When I decided to study abroad, my goal was to improve my Spanish language skills. I have definitely achieved that goal, and in some ways even exceeded the expectations I had for myself, but I’ve also learned a lot of other things that I didn’t expect. Maybe I should have realized it before departure, but travelling across the ocean alone to live in a different country for four months involves acquiring a lot more skills than just speaking the language. An immersion experience by definition immerses all of you—not just the language processing part of your brain. As it finally hits me that my semester abroad is coming to a close in a few short weeks and I get a little nostalgic and contemplative already, looking at photos and rereading journal entries and blog posts from January, I am able to see the tangible effects of just how much more than Spanish I’ve learned while in Spain.
In general, I’ve learned to be more relaxed during my time abroad, which I think has been one of the most beneficial lessons, and something I’m glad to bring back to the U.S. with me. I am type-A and organized to a fault and live a very structured life in Chicago. However, that just doesn’t work in Spain. The culture of free time, drinks and tapas, and valuing friends on the street over punctuality has been a hard adjustment, and I still am not completely comfortable with it—I’m always searching for something to keep me busy, and I panic at the thought of endless empty hours. But I’m getting better about it, and re-learning how to relax. I’m much more open to “wasting” time, being a little late, saying yes to last-minute plans, and trying new things. Being more relaxed also extends to how I react when things go wrong. A cancelled flight that caused us to lose a whole day in the void of the Amsterdam airport wasn’t the end of the world, and neither was a pickpocketing experience that led to my journal of my time abroad being lost. Life goes on even when it’s not according to plan, and the easy- (or easier-) going mentality I’ve picked up in Spain has taught me to roll with the punches in a way that my regimented U.S. mentality didn’t allow for.
I’ve also learned a lot about humor during my time abroad. These lessons have come from two sources: firstly, having no choice but to laugh when things go horribly wrong thanks to language barriers or airport struggles; secondly, realizing that it’s a lot harder for me to be funny in Spanish than in English. It’s hard to translate humor from one culture to another, even if you know how to say the same words in both. Sarcasm, especially, has been tough for me to pull off in Spanish; I end up getting a lot of serious replies to joking statements. Additionally, cultural references are essentially worthless, and usually end in blank stares. However, despite being able to make less jokes, I laugh much more. Laughter is universally understood, and sometimes your choices are limited to laughing or crying, so why not make the best of the fact that you’re unexpectedly going to be spending a night in the airport hotel, enjoy the breakfast buffet that the airline paid for, and smile about it? And, of course, I’d like to think I laugh more because I’ve made funny friends, although with my American sensibilities, sometimes their humor goes right over my head, just like mine goes over theirs.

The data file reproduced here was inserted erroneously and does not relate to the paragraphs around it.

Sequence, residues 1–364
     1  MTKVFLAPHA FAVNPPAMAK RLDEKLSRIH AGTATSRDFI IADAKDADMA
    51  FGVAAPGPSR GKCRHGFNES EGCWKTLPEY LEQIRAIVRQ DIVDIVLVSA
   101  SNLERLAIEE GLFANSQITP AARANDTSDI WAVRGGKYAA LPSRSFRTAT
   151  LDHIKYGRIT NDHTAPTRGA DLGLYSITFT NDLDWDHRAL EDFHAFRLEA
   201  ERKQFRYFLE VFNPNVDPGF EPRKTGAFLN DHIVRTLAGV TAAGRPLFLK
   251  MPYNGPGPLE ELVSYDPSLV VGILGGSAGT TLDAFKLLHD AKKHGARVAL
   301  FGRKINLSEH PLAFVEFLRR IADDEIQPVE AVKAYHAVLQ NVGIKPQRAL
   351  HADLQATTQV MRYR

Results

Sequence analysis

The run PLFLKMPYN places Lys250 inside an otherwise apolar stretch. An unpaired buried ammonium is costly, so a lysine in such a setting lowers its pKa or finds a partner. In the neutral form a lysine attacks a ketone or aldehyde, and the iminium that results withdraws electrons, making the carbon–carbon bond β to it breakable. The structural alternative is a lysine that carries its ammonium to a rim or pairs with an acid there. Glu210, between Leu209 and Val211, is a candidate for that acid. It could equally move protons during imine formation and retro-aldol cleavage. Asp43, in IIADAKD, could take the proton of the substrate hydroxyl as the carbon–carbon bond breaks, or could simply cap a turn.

The pace of culture I mentioned above is also one of the biggest examples of how living in Spain has taught me about the States. I now have a new point of reference, and I can see just how rigid and productivity-oriented we really can be. So much of life in the U.S., from the schedule of daily life, to our ideas of politeness, is structured around saving time and keeping busy. Being productive is highly valued, which isn’t necessarily bad, but I didn’t realize how engrained that mentality was until I came to Spain and realized how not productivity-oriented other places can be. Socio-politically speaking, learning about and seeing firsthand universal healthcare and a more-functional school system in action, along with a more evenly matched ratio of salary to price-of-living, has helped me to understand why Americans are as work-focused as they are. Health insurance and saving for college occupy a huge part of the American consciousness in a way that can’t be found here, and without those anxieties constantly looming, there is room for priorities to shift. This isn’t to say that Spain is without anxieties, as the impacts of the economic crises of the past decade are still widely felt, and about 40% of Spaniards live on less than 700€ per month, but there are key differences that both cause and are caused by the differences in culture as well.
All of the things above have also led me to learn about my own values. Being stripped of the cultural context, social supports, and language I’ve known my whole life left me with only myself. Not having old friends, family, or society reflecting back at me meant I had a chance to look more clearly at my own priorities. I think that self-reflection is the sum of all the smaller lessons above, and also the most important lesson from my time abroad. Whether that be learning to enjoy unstructured time, realizing that I’m capable of organizing a ten-day, three-city vacation with a tiny budget and tinier backpack, or figuring out how to explain being nonbinary in a gendered language, I’ve grown and learned immensely in this semester. I’m sad to be leaving Spain so soon, and am already trying to figure out ways to come back, but I’m also excited to see how I’ll re-translate myself and the lessons I’ve learned back into American culture.
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